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Alternate Names: Mobile Top-up 3.5.2 Tip Adjust Tip Adjust allows addition of a tip to a restaurant charge. No authorisation or advice is issued. The Adjust transactions should not have any chip considerations, other than to ensure that only the transaction amount is updated, not the cryptogram final amount used to generate the TC. (Some markets may ask for tip amount before proceeding with the authorisation, so there will be no need for a special transaction). 3.5.3 POS Cash Advance POS Cash Advance allows a cardholder to receive cash against the open-to-buy or source of funds. Where allowed for merchants, it is most often restricted to certain T&E merchants, such as Cruise Ships and Lodging. The processing is the same as a Purchase, however the transaction must be online authorised.8 Manual Cash Advance may also be performed at financial institutions, where a teller disburses cash. Alternate Names: Manual Cash, Manual Cash Advance, Attended Cash 3.5.4 Quasi-Cash Quasi-Cash is the purchase of items (such as gaming chips, opening deposits, or money orders) that are directly convertible to cash. The process flow will be the same as a Purchase. Quasi-cash does have its own processing restrictions. POS Non-Core Transactions The following transactions can be performed using Application Selection, Initiate Application Processing, Read Application Data, Cardholder Verification, Online Processing using Card Authentication Method, and Issuer Script Processing. They should be completed with an AAC. 3.5.5 POS Balance Inquiry POS Balance Inquiry allows a cardholder to determine the available balance for the account associated with the card, typically a prepaid account. Alternate Names: Balance Return 3.5.6 POS Deposit POS Deposit allows a cardholder to put funds into an account associated with the card.These transactions take place at an agent (such as a post office) empowered to accept deposits on behalf of the financial institution. 3.5.7 Bill Payment Bill Payment allows a cardholder to pay invoices, commonly utility bills, through an ATM or POS device, using an account associated with the card. 3.5.8 Application Unblock Issuer Scripting can be used to unblock an application..

Only PAN and expiry date should be stored, never full track 2 data.

8 Different CVM conditions and Application Usage Controls apply as shown in the section:

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3.5.9

PIN Change/Unblock PIN Change/Unblock allows a cardholder to change or unblock a PIN associated with an application on the card. The local markets where this is implemented will define the requirements. Because the PIN Change/Unblock transaction may be used to also reset offline cumulative counters, it is the only non-EMV transaction that may result in the generation of a TC. These transactions should be performed at a device under direct control of the issuer (normally an ATM) or at a device in a network in which the issuer participates and for which the appropriate operational procedures and liabilities have been defined.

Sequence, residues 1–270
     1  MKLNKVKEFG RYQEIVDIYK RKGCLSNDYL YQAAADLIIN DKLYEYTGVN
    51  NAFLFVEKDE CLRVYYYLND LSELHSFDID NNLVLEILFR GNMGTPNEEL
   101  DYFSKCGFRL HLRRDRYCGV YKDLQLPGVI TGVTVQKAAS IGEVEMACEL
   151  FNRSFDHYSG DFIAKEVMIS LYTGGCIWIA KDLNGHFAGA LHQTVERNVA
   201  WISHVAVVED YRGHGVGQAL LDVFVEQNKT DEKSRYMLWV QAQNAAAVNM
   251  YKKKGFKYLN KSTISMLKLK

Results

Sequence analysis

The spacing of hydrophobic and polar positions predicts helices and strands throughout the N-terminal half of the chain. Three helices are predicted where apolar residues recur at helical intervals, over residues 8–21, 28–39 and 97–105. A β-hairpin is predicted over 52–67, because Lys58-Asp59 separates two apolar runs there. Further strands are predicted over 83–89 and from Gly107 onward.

4. Special Transactions in Industries-independent Environments


4.1 Refund
A refund is opposite to a purchase transaction. The cardholder returns goods to a merchant and is credited with their value. Full or partial refunds of the original transaction are both possible. A Refund consists of a Settlement message only9. The Refund transaction with a chip card can be completed by the normal process using the Track 2 Equivalent Data field from the chip. The Refund transaction will be initiated as a normal EMV transaction. If a Generate AC is performed, or if the Processing Data Object List (PDOL) indicates that the transaction amount has to be included in the Get Processing Options command, it is recommended that the device send a zero transaction amount to the card. CVM processing should not be invoked. Application selection will proceed in the same manner as a purchase transaction; the same application should be used for the refund as in the original purchase transaction. After the application has been selected and the terminal has completed the read application data stage, the terminal should then request an AAC from the card. The card will then produce an AAC enabling the EMV transaction flow to complete. In the event of the chip becoming unreadable in the course of the transaction, the merchant should fall back to magnetic-stripe processing for the completion of the refund, without going online to the Issuer. Alternate Names: Return, Credit

4.2

Referrals
Referrals are intended as a fraud control tool for Issuers to use when more information is needed to verify the identity of the cardholder prior to approving a transaction. A Referral is not a transaction; it is an exception process for Purchase. When a referral Authorisation response is received from the card issuer, the terminal should request an AAC from the card at the second GENERATE AC request. Generation of an AAC does not mean this transaction is declined; it completes the EMV transaction flow, so that the normal referral procedure can take place. If the merchant system supports it, the ARQC may be included with the clearing record generated by the manual referral process.